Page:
For Fall, Billy Reid made the leap to the catwalk after five seasons of presentations. Stylish and idiosyncratic they may have been, but Reid had come round to thinking that the way he'd been showing had given his designs a slightly misleading down-home, bourbon-and-barbecue flavor. There was actually a lot of hand-tailored finery getting lost in the mix. Reid decided that runway was the remedy. "I wanted the focus this season to be squarely on the clothes," he said. "It's all about luxe. No denim, no chinos." And when the Deep South did put in an appearance, it was in the exalted form of dress shoes handmade from Louisiana alligator.
Reid's appreciation of the finer things in life was sharpened by a recent trip with his wife to Paris and London, an archetypal Old World experience that took on all the romantic trappings of a second honeymoon. So there was a lot of love in his new collection, as well as some ingenious souvenirs like the jacket lining that mimicked the crumbling wallpaper in the church of Saint-Eustache in Paris (that's one way to turn a trip into a tax write-off). The womenswear played out like the fantasy of an innocent American abroad: lean, long, pencil-skirted, wide-brim-hatted, sophisticated sorts with whom a young man might have an adventure. The luxe was utterly straightforward in a floor-length suede outfit, the model sporting a mysteriously enormous saddle bag.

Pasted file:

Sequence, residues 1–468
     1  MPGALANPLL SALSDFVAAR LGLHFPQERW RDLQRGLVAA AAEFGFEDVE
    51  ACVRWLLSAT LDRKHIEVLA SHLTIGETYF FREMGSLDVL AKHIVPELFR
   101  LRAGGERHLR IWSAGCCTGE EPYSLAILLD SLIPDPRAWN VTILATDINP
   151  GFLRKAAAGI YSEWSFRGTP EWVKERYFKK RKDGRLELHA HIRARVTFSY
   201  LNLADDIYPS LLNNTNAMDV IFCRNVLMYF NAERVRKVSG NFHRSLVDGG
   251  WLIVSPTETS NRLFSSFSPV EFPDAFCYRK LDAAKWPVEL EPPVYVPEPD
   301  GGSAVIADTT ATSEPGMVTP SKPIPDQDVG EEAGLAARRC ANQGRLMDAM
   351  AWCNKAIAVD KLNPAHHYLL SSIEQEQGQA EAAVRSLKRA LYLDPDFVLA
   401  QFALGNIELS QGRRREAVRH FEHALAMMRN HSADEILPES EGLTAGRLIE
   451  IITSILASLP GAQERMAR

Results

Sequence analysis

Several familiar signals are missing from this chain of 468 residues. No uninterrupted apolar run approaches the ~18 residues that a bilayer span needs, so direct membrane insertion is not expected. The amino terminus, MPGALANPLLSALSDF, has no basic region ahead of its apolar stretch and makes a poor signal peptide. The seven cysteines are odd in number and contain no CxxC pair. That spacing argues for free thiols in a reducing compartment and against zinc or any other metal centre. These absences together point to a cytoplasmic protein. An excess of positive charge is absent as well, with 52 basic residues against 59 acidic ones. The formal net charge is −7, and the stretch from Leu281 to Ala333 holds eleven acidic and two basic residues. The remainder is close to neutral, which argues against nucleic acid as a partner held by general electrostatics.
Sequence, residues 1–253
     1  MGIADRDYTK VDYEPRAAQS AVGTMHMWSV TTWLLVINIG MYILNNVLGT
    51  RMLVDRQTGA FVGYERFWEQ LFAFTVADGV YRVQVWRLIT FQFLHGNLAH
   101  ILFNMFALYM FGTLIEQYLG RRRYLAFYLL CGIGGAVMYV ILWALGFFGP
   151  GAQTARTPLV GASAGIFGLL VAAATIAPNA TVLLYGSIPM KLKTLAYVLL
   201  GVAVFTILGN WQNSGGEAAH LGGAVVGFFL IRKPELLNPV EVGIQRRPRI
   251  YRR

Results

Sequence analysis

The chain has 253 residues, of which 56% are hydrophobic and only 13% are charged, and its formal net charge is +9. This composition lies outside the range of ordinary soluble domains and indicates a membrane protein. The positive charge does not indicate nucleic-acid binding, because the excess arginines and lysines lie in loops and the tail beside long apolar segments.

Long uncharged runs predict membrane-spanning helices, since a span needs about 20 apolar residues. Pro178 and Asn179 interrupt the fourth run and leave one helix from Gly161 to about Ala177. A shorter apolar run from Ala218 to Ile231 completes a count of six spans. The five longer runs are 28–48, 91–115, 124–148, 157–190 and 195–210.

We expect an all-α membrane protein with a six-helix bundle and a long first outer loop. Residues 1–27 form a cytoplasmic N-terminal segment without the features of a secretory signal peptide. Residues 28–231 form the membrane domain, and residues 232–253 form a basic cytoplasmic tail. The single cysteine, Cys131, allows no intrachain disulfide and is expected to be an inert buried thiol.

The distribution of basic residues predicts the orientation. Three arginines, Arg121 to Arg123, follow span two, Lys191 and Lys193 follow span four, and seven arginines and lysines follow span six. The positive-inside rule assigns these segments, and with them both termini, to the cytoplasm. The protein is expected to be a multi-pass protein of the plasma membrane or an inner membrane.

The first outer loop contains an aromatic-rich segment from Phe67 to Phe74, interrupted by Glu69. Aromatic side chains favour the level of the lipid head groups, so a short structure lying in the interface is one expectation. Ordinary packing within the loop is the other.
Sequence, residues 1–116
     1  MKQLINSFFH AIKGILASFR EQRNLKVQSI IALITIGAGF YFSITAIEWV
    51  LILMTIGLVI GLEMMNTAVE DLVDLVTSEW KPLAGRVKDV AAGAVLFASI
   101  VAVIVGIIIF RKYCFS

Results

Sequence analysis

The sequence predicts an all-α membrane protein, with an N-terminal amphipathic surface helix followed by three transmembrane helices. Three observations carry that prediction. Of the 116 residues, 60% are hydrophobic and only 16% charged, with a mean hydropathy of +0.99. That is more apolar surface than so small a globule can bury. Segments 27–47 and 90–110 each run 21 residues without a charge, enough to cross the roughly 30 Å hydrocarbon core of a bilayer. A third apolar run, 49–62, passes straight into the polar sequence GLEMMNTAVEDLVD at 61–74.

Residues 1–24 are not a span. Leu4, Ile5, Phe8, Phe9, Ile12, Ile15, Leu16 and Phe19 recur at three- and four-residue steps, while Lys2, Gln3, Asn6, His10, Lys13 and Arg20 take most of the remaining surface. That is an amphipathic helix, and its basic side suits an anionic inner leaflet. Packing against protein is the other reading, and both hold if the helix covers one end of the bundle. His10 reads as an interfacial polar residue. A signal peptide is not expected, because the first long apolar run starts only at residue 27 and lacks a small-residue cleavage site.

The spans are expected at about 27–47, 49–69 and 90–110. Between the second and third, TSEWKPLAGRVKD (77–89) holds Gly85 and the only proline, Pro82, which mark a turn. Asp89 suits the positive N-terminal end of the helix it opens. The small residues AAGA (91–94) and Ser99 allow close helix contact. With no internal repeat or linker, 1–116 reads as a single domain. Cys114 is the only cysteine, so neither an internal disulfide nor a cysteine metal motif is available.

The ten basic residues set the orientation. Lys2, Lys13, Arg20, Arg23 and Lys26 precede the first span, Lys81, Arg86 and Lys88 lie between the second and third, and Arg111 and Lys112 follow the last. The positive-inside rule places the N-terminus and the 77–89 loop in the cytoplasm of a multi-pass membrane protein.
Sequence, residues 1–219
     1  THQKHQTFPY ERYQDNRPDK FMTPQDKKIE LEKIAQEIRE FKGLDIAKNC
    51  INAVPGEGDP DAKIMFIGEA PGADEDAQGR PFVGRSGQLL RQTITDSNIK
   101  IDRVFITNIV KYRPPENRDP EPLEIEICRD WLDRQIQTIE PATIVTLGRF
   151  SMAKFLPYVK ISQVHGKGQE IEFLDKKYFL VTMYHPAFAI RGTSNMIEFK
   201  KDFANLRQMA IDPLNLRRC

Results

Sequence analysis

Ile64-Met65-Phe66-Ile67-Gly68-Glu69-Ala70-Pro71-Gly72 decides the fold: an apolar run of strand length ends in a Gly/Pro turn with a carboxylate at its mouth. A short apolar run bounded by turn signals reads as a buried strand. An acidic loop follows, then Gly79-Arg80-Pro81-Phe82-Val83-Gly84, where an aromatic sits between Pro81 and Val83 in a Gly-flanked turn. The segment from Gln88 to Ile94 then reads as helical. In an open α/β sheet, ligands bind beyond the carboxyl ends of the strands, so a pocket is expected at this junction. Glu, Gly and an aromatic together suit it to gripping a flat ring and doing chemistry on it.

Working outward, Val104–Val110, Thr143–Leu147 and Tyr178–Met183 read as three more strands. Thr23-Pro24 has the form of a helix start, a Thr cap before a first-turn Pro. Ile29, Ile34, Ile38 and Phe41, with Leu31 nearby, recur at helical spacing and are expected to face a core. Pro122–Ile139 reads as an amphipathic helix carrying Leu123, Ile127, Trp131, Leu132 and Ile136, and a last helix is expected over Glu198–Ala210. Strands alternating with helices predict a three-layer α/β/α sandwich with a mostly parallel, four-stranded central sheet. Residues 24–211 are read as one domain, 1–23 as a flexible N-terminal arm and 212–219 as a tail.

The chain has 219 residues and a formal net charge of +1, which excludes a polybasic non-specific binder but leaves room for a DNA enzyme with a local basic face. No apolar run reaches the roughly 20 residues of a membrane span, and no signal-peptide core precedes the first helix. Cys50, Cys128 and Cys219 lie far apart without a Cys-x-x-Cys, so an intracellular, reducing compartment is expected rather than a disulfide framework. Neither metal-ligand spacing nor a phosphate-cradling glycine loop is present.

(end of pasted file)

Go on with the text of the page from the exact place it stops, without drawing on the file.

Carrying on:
The menswear, on the other hand, had a kind of college boy formality—if Reid's women were greyhounds, his men were pups. A gray flannel suit was accompanied by a washed leather backpack. An immaculately realized shawl-collared tux in wool faille was worn with a washed oxford button-down and kilties. Reid artfully layered tailored twill over leather jackets. So the formality was actually depth-charged. But the luxury lingered in the plush fabrics or the shaved nutria collar on a tweed coat, which felt like mink. The dinner jacket in a natural cashmere hopsack that closed the show could be one of the season's most elegantly modern evening options.